“I can absolutely promise everyone that if elected I will fight to my last breath to protect their rights for gun ownership and will oppose every measure that seeks to limit that right,” he said.

Deeply religious, Fabby adds that he is also passionate about the right to protect all life — include those yet to be born.

“I am very pro life,” he said. “I believe life begins at conception. At that moment, there is a unique, individual human being with its own DNA. Even though it isn’t born, it deserves the same protection as every one else. I will fight to end abortion in Texas.”

While he holds many libertarian viewpoints, Fabby said he is a Republican and supports the Republican Party platform.

“The problem is that most of the Republicans that have been elected to office haven’t been willing to fight for the party platform. They get into office and they make deals and compromise and at the end of the day what has happened is so far removed from the platform you wouldn’t know that the Republicans hold a super majority in the Legislature in Austin or the majority in Congress in Washington,” he said. “We need to elect Republicans who are willing to fight for what we believe in. If we believe our party’s platform is right, we should be fighting for it and you shouldn’t comprise with the party that’s wrong.”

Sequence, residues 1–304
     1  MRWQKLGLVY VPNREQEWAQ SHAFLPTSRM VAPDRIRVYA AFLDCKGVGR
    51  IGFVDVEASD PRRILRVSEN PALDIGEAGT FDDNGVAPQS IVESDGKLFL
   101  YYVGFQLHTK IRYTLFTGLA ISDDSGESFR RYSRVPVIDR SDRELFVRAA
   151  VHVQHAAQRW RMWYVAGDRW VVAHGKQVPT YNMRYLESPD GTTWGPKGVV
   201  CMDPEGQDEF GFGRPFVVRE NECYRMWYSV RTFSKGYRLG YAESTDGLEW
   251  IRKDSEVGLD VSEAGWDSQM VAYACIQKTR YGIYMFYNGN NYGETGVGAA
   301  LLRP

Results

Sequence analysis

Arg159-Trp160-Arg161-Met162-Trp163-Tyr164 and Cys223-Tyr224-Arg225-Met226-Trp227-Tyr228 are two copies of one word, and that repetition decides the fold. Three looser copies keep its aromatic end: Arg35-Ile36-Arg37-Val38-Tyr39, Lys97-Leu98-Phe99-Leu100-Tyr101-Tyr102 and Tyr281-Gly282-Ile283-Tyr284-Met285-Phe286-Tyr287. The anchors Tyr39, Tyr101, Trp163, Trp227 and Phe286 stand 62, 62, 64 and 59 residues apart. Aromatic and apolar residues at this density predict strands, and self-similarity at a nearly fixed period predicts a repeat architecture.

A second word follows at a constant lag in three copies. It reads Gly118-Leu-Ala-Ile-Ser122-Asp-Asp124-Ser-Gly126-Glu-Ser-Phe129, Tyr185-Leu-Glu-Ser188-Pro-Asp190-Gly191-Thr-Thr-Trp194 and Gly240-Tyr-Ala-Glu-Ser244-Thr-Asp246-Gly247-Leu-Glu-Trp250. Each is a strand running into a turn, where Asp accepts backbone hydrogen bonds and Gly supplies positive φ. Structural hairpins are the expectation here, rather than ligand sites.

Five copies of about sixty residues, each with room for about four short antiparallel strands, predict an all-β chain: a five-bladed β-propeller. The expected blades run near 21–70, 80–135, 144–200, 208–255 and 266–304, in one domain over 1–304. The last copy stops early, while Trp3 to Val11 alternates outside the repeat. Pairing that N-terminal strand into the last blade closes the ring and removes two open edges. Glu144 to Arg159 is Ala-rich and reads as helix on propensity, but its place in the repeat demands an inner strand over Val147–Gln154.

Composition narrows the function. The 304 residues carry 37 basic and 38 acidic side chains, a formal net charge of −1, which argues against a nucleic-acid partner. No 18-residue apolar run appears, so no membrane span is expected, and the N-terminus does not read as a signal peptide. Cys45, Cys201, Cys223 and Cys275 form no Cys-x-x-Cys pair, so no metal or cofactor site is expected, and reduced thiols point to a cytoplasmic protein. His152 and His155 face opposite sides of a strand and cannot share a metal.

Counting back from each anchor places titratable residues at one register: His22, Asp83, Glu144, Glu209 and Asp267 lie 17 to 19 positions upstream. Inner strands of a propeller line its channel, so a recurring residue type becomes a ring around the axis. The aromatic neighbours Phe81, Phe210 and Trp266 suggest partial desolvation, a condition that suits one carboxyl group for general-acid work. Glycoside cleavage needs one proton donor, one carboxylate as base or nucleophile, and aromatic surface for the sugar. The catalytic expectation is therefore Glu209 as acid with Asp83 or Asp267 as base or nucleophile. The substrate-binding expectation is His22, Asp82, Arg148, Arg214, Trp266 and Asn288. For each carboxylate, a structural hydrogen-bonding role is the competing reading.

He uses the GOP’s platform to transition to the next issue: taxation.

“I can honestly stand before you today and pledge that I will never — and I repeat, NEVER — vote to raise your taxes,” he said, adding that if elected he will work to repeal property taxes.

“Property taxes make it more difficult for Texans to own a home and, it takes away from our inalienable right to own property,” he said. “If you think you own your own home, think again. You might hold the deed and own it free and clear, but try skipping a year on your property taxes and see who really owns your home. It’s not you. We’re just leasing that property from the state. I want to eliminate property taxes.”

He also stressed that property taxes incur a great deal of expense, as it creates the need for appraisal districts and legal fees.

For the next five minutes Fabby talks about government finance and how the politicians have used “smoke and mirrors” to steadily increase revenues — taxes — while providing political cover to avoid having to tell the people they taking more of their money.